Am gonna use it for a few days and then maybe contact Google, as you said nothing to loose On the whole a great piece of kit, tremendously fast, great features. I was super excited (and a little intimidated) at having the opportunity to review the next iteration of the Google superphone. Like the carbon fiber Lamborghini Sesto Elemento, you’ll turn heads driving the thing but one false move and this thing is history. Overall the use of glass, soft touch plastic, and glittery backing make the device look nothing short of an expensive, $700 smartphone. I understand this might not bother most folks, but it also means you have to look at your phone from head on to keep the display looking its 100% best.
It doesn’t help that the ever present nav bar is constantly reminding you of how bright the blacks are, or the notification bar.
This was most likely another attempt by Google to keep costs of the device down (and profits up for LG), and while this might not sound like a big deal to those of you who’ve never had to deal with it, placing these memory constraints on users is a definite make-or-break for me. Similar to the Street View from Google Maps, Photo Sphere lets you take full 360 panoramas in every angle, creating a sort of snow globe of whatever you like.
Why not use your lockscreen to display widgets without having to go through the trouble of fully unlocking your device?
Other than that, Google added enhanced next word prediction which is similar to SwiftKey, but once again, falls short in execution. Stock, there’s only a handful of Daydreams available that range from interactive photo galleries, to digital (or analog) clocks, Google Currents, or a nifty colorful nightlight.
Concocted by the minds at the WiFi Alliance, Miracast can wirelessly mirror the display on your device, to your television.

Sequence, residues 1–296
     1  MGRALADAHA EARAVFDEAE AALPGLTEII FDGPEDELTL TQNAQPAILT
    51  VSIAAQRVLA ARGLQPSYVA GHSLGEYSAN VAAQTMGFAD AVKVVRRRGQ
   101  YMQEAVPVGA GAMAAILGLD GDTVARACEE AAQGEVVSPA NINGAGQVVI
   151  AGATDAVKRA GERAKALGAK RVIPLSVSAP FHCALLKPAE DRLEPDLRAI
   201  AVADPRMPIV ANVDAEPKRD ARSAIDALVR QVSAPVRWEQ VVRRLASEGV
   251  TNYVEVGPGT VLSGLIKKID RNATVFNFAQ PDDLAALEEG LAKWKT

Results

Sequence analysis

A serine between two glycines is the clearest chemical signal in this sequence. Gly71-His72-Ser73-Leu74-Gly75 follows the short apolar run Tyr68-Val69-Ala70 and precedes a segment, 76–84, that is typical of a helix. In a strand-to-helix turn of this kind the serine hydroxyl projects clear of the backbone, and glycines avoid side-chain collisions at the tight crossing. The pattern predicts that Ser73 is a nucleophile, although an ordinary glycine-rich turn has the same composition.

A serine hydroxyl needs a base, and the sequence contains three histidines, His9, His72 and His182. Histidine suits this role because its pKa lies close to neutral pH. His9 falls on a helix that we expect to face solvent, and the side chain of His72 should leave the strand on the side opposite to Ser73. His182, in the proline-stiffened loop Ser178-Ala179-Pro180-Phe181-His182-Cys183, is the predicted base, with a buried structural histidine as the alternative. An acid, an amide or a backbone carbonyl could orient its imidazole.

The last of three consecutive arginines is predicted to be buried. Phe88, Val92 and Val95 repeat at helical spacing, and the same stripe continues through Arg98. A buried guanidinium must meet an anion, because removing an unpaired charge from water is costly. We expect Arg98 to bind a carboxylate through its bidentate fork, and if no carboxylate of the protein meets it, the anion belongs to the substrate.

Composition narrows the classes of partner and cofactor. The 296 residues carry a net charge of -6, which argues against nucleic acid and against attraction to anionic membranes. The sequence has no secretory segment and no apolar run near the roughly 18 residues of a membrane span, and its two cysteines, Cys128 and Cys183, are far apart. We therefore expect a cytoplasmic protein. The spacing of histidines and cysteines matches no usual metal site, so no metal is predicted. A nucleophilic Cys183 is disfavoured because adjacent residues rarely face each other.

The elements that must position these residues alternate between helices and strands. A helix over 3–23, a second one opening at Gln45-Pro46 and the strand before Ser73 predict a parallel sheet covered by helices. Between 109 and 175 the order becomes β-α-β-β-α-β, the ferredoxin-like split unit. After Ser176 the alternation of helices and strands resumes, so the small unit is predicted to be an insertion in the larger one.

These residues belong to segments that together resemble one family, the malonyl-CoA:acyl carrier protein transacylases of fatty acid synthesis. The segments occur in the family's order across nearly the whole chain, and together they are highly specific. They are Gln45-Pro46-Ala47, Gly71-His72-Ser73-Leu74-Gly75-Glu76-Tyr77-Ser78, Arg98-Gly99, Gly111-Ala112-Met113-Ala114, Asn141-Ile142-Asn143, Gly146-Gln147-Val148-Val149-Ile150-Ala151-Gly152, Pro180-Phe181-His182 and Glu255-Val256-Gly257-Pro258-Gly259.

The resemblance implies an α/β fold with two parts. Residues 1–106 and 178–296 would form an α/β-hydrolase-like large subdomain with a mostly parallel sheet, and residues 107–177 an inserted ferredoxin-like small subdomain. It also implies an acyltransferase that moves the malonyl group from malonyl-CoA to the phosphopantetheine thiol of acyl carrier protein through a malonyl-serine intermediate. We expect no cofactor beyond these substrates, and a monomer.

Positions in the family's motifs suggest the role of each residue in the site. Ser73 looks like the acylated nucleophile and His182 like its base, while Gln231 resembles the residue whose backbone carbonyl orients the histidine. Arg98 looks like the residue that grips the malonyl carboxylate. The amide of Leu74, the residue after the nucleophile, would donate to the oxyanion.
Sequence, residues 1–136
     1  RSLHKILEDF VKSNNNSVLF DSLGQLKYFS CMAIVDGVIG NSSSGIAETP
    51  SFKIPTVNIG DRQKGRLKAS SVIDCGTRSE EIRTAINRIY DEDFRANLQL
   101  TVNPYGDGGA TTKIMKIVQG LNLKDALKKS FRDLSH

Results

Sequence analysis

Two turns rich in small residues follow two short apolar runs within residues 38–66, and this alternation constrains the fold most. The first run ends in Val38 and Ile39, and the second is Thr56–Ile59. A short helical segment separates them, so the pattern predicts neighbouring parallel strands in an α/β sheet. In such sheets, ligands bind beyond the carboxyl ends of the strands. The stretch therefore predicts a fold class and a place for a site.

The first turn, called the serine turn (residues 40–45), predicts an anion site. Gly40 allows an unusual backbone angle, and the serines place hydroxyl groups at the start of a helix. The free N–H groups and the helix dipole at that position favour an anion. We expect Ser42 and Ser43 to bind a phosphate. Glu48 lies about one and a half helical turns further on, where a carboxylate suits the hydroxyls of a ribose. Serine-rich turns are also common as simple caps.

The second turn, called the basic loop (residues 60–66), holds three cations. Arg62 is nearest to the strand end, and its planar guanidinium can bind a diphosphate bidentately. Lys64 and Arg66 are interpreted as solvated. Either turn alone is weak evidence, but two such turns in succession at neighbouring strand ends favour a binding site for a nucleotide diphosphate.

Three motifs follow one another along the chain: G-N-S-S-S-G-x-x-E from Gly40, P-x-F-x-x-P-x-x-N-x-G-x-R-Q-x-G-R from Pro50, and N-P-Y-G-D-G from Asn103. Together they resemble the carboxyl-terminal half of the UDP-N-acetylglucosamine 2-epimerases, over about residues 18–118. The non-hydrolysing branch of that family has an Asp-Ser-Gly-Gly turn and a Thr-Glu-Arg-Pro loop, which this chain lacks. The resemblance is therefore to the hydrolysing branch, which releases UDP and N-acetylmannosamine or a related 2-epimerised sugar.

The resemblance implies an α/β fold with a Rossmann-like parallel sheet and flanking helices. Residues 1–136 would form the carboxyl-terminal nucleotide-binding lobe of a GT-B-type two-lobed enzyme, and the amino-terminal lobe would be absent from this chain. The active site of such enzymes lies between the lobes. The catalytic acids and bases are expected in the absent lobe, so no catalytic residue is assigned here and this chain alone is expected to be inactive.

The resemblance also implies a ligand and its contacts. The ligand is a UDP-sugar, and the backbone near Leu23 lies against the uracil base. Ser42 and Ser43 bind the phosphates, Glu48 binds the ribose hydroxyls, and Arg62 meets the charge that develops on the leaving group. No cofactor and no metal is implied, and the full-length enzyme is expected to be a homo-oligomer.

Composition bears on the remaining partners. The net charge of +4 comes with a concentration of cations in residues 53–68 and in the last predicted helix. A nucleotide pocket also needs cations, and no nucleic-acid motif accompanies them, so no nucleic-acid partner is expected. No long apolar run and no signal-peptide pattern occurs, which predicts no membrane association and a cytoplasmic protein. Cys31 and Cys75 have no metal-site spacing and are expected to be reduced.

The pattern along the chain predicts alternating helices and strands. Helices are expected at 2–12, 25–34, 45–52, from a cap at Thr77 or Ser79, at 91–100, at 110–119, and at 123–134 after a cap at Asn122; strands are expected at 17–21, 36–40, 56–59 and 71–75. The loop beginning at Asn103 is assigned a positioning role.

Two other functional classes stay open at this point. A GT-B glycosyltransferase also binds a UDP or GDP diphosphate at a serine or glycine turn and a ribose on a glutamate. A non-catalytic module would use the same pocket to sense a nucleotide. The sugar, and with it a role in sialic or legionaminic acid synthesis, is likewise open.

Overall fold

That means it uses the power of Chrome, but it doesn’t get lost in the mix of the Chrome browser. The dashboard shows you every piece of information that Google collects and associates to your Google account and gives you the opportunity to review and delete items as you please. His current gadgets include a OnePlus One, a Pebble smartwatch, and an Acer C720 Chromebook. The Nexus 4 is a well-built device that feels more like an incremental update to the Nexus phone line than a complete reimagining. Offering a pixel density of 320 pixels per inch, the display looks vibrant and sharp, and provides unusually wide viewing angles.
I found the glass back worrisome, though: After spending just a few days with the phone, I began to notice some nicks and scratches there. However, unlike with the previous two Nexus phones, the Nexus 4's battery is not removable.
Graphics-intensive games such as Dead Trigger and Death Dome both ran smoothly on the Nexus 4, and I have yet to encounter any lag on the devicea€”something I couldn't say about this phone's predecessor, the Galaxy Nexus, when it first launched.
To put that in perspective, the iPhone 5, the Motorola Droid Razr M, and the Samsung Galaxy S III all lasted closer to 8 hours in the same test. You can charge the phone's 2100mAh battery using either a standard MicroUSB cable or a Qi-compatible inductive charging mat. While those download speeds are commendable for a non-LTE phone, the low upload speeds will be crippling if you're constantly uploading HD video and other large files from your phone. The clock app, for instance, is beautifully redesigned and now features an interface that better fits the "holo UI" introduced in Android 4.0 Ice Cream Sandwich.